The Kremlin has slammed Joe Biden's "very aggressive rhetoric" after the new US president said Washington's relationship with Moscow would change and demanded opposition politician Alexei Navalny's release.

"We've already said that we will not heed patronising statements of this sort. We will not do it," Kremlin spokesman Dmitry Peskov told reporters.

"This is very aggressive and unconstructive rhetoric."

President Vladimir Putin's spokesman acknowledged a "huge amount of differences and different approaches to key issues" but he also indicated that Moscow wanted to continue cooperation with Washington under Biden.

"We expect to see Americans' political will to continue cooperation where this serves our interests," he said.

In toughly worded remarks pivoting from his predecessor Donald Trump's muted approach to Moscow, Mr Biden yesterday warned of "advancing authoritarianism" in China and Russia.

He said the United States would no longer be "rolling over in the face of Russia's aggressive actions" and demanded the release of Putin's jailed critic Mr Navalny who this week was sentenced to nearly three years in prison on old embezzlement charges.

Mr Biden said there were areas where he was willing to work with the Kremlin, notably the New START treaty on curbing nuclear weapons, which the two countries extended for five years this week.

Yemeni warring factions welcome Biden peace push

Meanwhile, Yemen's warring factions declared their readiness to act after Joe Biden called for renewed efforts to end their conflict, but experts said today that a real solution appears out of reach.

The grinding six-year war in Yemen has killed tens of thousands and displaced millions, triggering what the United Nations calls the world's worst humanitarian disaster.

In his first major foreign policy speech since replacing Donald Trump last month, Mr Biden appointed an envoy to push for peace and said the US would end all support for Saudi Arabia's war in Yemen.

"This war has to end," Biden said.

"To underscore our commitment, we are ending all American support for offensive operations in the war in Yemen, including relevant arm sales."

Yemen's internationally recognised government, which is backed by a Saudi-led military coalition, welcomed his remarks and stressed the "importance of supporting diplomatic efforts to resolve the crisis".

It hailed Timothy Lenderking's appointment as US envoy, describing it as "another important step" taken by the US to "end the war caused by the Iran-backed Houthis".

The Huthi rebels, who control much of the country, including the capital Sanaa, said they supported the approach of the new US administration.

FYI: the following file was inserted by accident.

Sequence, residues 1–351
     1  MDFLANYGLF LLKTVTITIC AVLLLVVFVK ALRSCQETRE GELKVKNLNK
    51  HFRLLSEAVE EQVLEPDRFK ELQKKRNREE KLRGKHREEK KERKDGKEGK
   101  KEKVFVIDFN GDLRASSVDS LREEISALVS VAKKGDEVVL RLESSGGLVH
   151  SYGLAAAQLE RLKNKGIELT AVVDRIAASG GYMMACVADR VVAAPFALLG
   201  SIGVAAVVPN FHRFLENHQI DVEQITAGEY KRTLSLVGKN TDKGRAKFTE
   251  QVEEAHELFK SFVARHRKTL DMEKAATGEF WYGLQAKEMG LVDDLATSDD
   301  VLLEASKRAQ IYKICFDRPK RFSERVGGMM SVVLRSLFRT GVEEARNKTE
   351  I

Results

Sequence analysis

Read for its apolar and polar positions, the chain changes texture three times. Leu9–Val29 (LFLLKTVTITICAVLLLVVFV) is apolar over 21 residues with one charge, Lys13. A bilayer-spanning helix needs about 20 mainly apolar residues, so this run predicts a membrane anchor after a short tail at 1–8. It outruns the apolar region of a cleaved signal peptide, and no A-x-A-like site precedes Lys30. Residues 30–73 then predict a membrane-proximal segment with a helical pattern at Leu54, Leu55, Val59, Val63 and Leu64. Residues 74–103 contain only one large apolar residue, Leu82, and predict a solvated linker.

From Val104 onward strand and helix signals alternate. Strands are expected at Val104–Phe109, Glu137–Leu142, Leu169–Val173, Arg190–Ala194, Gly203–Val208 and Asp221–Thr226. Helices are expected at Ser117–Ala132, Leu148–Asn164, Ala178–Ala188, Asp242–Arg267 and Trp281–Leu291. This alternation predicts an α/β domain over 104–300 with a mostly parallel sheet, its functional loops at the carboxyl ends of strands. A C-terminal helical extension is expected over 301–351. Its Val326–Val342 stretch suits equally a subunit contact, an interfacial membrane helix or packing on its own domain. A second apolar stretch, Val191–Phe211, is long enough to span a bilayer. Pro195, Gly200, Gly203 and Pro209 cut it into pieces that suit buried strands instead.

"The real proof to achieve peace in Yemen is an end to the aggression and a lifting of the blockade," Houthi spokesman Mohamed Abdel Salam in a tweet.

"Yemen's missiles are for the defence of Yemen and stopping them comes when an end to the aggression and a lifting of the blockade are totally achieved," he added.

Saudi Arabia reacted by reasserting its commitment to a political solution in Yemen.

The kingdom also welcomed Biden's "commitment to cooperate with the kingdom to defend its sovereignty and counter threats against it," according to the official Saudi Press Agency.

But like the Yemeni government, it did not address Biden's decision to end military support to the war in Yemen.

'Talk to the Iranians'

Saudi Arabia, which has led a military intervention against the Houthis since 2015, has come under repeated missile or drone attacks from the Shi'ite rebels.

It has repeatedly accused regional rival Iran of supplying sophisticated weapons to the Huthis, a charge Tehran denies.

Mr Trump - who argued arms sales were creating US defence jobs - viewed the war as a way to hit back at Iran, America's sworn enemy.

US Secretary of State Antony Blinken also said he would revisit Trump's last-minute designation of the Houthis as a terrorist group.

Adel al-Jubeir, the Saudi minister of state for foreign affairs, said Biden's speech was "historic".

"We look forward to working with our friends in the US to end conflicts and confront challenges, as we have for over seven decades," he tweeted.

But for Yemenis, talk of a solution is very far from their reality.

"The war won't end; no one wants it to end. This is just propaganda," said Huda Ibrahim, a 38-year-old housewife from the port city of Hodeida.

"I'm not optimistic and I don't believe anything about ending the war. How will it end when clashes don't stop even for one night," she told AFP.

Analysts have also cast doubt on the likelihood of a breakthrough.

"Biden's announcement that he will end US support for offensive Saudi military action against Yemen is an excellent first step," said Annelle Sheline, Middle East research fellow at the Quincy Institute for Responsible Statecraft.

"But the devil is in the details - it remains to be seen what 'offensive action' means in practice.

"Who will determine if an action is offensive, the US or Saudi Arabia? And how will it be defined? The Saudis, for instance, argue that their entire war efforts are defensive," she said.

"Ending America's support for the war and ending the war are two different things.

"To truly end the war, we need diplomacy, and for that, we need to be able to talk to the Iranians again," she added.